Cameras regularly panned over to Paris Saint-Germain‘s Qatari chief Nasser Al-Khelaifi as he watched his side’s Champions League campaign disappear into the smoke on a disappointing night at the Parc des Princes on Tuesday.
Real Madrid won 2-1 in the second leg of the round-of-16 tie to claim a 5-2 win on aggregate to dump the hosts out of the competition at the same stage of their exit last season.
Despite the enormous spending and recruitment of Europe’s finest talents in Neymar and Kylian Mbappe over the summer, PSG were exposed as pretenders to the throne once again.
Al-Khelaifi will be wondering what he needs to do to witness his side claim that elusive European crown.
Here’s a few ideas.
Unai Emery has deservedly earned the respect of his peers for his efforts at Valencia and most notably Sevilla where he won three consecutive Europa Leagues.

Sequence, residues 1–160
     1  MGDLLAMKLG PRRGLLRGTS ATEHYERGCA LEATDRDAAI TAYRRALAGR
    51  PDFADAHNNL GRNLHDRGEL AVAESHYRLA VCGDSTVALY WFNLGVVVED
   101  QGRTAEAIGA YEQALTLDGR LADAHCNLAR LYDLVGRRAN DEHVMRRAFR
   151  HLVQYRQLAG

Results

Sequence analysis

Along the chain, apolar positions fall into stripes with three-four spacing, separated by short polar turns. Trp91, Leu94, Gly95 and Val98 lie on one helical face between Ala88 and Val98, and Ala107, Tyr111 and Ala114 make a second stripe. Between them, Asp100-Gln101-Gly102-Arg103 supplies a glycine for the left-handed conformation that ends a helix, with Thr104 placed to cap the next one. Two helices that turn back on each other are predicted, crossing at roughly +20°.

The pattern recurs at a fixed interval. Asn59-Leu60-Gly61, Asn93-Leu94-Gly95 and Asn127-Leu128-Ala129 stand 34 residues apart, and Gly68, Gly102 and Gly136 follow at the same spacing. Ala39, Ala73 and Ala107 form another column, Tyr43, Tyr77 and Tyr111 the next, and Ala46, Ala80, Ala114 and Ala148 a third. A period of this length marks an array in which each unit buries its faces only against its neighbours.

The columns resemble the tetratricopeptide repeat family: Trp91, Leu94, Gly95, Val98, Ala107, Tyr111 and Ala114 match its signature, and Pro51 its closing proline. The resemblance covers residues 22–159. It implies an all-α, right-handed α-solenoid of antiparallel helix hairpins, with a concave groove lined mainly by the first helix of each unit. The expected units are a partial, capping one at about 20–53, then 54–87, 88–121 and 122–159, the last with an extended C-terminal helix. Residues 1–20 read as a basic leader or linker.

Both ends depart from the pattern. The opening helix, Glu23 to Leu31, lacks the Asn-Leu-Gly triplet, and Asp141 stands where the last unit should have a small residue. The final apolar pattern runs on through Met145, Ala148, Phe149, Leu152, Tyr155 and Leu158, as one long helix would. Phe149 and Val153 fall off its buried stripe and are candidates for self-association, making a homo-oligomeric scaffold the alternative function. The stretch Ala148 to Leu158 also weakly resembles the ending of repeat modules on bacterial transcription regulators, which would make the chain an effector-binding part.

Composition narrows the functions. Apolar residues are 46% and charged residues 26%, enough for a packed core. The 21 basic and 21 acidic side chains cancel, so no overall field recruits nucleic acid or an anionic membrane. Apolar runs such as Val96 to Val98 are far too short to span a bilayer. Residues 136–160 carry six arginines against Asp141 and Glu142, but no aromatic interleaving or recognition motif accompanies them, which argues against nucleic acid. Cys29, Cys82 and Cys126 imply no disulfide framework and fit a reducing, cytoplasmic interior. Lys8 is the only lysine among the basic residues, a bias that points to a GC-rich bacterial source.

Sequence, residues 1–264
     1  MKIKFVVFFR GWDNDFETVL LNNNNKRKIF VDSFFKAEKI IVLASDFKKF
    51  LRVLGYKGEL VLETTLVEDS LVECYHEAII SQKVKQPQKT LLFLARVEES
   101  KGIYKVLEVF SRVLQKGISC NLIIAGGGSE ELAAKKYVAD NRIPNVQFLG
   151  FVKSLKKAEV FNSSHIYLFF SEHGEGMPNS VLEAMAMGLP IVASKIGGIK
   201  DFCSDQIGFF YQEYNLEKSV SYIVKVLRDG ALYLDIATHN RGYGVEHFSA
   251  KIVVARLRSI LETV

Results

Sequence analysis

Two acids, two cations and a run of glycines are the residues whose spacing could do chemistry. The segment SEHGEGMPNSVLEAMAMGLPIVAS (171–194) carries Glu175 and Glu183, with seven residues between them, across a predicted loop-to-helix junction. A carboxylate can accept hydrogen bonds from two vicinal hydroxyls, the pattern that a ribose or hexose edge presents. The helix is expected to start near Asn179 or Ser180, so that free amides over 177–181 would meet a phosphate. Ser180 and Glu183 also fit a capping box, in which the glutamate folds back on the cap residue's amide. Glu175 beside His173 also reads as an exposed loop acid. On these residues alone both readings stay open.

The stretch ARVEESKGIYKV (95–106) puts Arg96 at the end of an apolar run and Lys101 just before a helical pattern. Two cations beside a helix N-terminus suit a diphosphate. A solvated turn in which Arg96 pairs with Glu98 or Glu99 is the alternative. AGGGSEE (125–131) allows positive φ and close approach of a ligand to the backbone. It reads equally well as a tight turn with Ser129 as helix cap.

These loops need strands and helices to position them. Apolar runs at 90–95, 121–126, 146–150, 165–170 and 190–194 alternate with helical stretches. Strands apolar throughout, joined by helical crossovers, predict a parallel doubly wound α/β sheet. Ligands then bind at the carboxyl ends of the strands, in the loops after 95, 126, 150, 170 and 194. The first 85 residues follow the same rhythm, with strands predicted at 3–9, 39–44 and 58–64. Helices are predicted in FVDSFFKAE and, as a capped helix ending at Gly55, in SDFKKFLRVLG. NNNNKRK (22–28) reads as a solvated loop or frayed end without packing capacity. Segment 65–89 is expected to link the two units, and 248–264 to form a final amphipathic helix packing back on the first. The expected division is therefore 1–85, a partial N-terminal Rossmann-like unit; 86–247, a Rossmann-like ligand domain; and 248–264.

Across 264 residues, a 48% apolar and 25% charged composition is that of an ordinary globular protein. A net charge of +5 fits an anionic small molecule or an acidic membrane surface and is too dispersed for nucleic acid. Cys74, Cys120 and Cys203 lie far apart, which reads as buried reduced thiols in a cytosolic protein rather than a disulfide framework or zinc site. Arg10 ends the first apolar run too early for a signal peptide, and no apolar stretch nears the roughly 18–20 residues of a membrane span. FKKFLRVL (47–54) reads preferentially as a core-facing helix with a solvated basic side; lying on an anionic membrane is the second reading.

However, he doesn’t quite make the cut as one of the elite managers in world football and his spell in Paris has proved as much. He completed the domestic cup double in his first season but crucially lost out to AS Monaco in the league. Meanwhile, surrendering a 4-0 first leg advantage over Barcelona to lose 6-5 on aggregate in the Champions League round of 16 certainly didn’t go down well.
While his side are well on course to reclaim the title this time around, elimination from Europe at the last-16 stage again surely spells the end of his reign in the French capital.
Emery brought the best out of the players at Sevilla but working with PSG’s superstars whose egos go hand-in-hand with their phenomenal ability has been an entirely alien task to him and one he hasn’t been able to cope with.
Investing in a top-notch manager has to be the priority for the French outfit if they are to challenge for the Champions League.
Arsene Wenger has been persistently linked with the post but somehow the Arsenal manager’s leadership doesn’t seem ideal, especially when he will need to rally his troops when they have to transition from the comforts of French football to the intense competition on Europe’s biggest stage.
Apart from the fact that they’ve set up in a 4-3-3 formation for as long as anyone can remember, what do we really know about PSG’s philosophy? More importantly, what do they know about it?